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Veritatis Splendor

"Keep your eyes fixed upon Jesus, who inspires and perfects our faith" --Hebrews 12:2

Pope Benedict XVI before our Lord

And only where God is seen does life truly begin. Only when we meet the living God in Christ do we know what life is. We are not some casual and meaningless product of evolution.
Each of us is the result of a thought of God.
Each of us is willed,
each of us is loved,
each of us is necessary.
There is nothing more beautiful than to be surprised by the Gospel, by the encounter with Christ. There is nothing more beautiful than to know Him and to speak to others of our friendship with Him.
~Pope Benedict XVI, Homily April 24th, 2005

Wednesday, October 31, 2007

A "clear voice" will cry out in the wilderness

From The New Liturgical Movement: Vox Clara report on the new missal translation (my emphasis):

"...it is the hope of the Vox Clara Committee that the approval and confirmation of the new Roman Missal will be completed by the end of 2009."

"...various initiatives to assure the effective reception and implementation of the new Roman Missal were also discussed by the Vox Clara Committee."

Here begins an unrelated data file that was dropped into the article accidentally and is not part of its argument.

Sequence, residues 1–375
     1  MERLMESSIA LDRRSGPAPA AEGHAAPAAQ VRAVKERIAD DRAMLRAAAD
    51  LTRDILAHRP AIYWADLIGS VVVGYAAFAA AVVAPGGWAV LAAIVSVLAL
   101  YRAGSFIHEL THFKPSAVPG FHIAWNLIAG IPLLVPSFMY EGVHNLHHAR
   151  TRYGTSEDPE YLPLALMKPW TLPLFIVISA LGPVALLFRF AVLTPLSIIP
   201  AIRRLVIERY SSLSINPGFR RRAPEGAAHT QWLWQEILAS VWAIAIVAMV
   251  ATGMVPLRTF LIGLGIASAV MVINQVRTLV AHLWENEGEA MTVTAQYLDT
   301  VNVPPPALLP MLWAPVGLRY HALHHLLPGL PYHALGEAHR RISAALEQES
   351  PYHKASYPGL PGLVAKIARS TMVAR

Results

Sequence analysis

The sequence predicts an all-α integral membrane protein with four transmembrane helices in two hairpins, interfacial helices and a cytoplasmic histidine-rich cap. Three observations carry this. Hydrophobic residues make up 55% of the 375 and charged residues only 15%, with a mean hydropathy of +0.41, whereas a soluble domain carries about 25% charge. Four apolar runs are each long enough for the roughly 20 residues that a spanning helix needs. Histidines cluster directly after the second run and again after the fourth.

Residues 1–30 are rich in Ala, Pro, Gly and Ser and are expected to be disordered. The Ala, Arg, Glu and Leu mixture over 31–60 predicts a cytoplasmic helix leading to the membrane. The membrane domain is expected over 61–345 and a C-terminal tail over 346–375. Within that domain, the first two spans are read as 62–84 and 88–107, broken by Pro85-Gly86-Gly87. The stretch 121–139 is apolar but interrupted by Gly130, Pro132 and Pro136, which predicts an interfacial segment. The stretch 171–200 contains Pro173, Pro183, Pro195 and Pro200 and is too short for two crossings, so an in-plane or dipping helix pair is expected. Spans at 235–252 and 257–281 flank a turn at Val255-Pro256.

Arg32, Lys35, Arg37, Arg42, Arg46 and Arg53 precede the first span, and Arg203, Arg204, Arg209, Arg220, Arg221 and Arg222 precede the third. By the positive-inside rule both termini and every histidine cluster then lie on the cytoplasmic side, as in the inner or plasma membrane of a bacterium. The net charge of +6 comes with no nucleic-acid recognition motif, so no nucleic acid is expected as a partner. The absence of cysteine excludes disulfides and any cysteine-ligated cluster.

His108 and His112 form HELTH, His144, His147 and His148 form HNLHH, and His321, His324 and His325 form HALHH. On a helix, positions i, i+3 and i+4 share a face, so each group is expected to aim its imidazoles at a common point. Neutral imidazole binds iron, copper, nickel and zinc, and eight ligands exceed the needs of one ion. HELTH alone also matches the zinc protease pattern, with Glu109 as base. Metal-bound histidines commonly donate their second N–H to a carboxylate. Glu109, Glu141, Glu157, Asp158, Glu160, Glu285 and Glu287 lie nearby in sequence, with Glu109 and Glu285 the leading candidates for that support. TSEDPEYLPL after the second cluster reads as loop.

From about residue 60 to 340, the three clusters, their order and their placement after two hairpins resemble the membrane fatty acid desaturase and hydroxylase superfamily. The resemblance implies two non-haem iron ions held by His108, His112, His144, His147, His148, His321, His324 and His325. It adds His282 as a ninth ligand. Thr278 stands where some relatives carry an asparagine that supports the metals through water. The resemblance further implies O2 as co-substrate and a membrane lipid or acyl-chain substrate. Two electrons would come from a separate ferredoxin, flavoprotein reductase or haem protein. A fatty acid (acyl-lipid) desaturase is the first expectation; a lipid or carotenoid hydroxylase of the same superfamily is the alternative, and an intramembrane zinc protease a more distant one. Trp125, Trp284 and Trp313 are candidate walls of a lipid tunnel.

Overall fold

"Cardinal Francis Arinze, Prefect of the Congregation for Divine Worship and the Discipline of the Sacraments... stressed the need for the accurate translation of “words that have deep doctrinal meaning”

The second point is of particular interest of course, because as we know only too well in the light of our experience -- a light recently confirmed as well in the recent comments by Archbishop Ranjith -- that there can be a significant problem as regards obedience within the Church today. Finishing the translation is only one aspect of the task at hand. Seeing it through to faithful implementation down to the parish level will be a significant hurdle to overcome -- one thinks of Redemptionis Sacramentum which, while quite clear in its directives, is certainly not always followed. "Old" habits die hard.

But it is more than just habit of course. This is also very much a part of the fruits of a false sense of mastery over the liturgy (not to mention the overly-democratized view that many a modern Catholic takes of their Church) that is so systemic at this time. After all, if we see the liturgy as "ours" (again, not to mention seeing the Church, not as a teacher, but rather as a giver of mere suggestions and opinions), or if we see it as the expression of a particular community rather than the voice and the prayer of the Church herself, then it takes little to justify ignoring her decrees - or at least only partially implementing them. Suddenly those decrees are not entirely "relevant" to a particular community, or they are contrary to that community's "custom" and therefore they are not deemed pastoral.

It is a liturgical problem that is, fundamentally, an ecclesiological problem and it is one that will not be easily overcome. It is one of our great challenges today.

So true.


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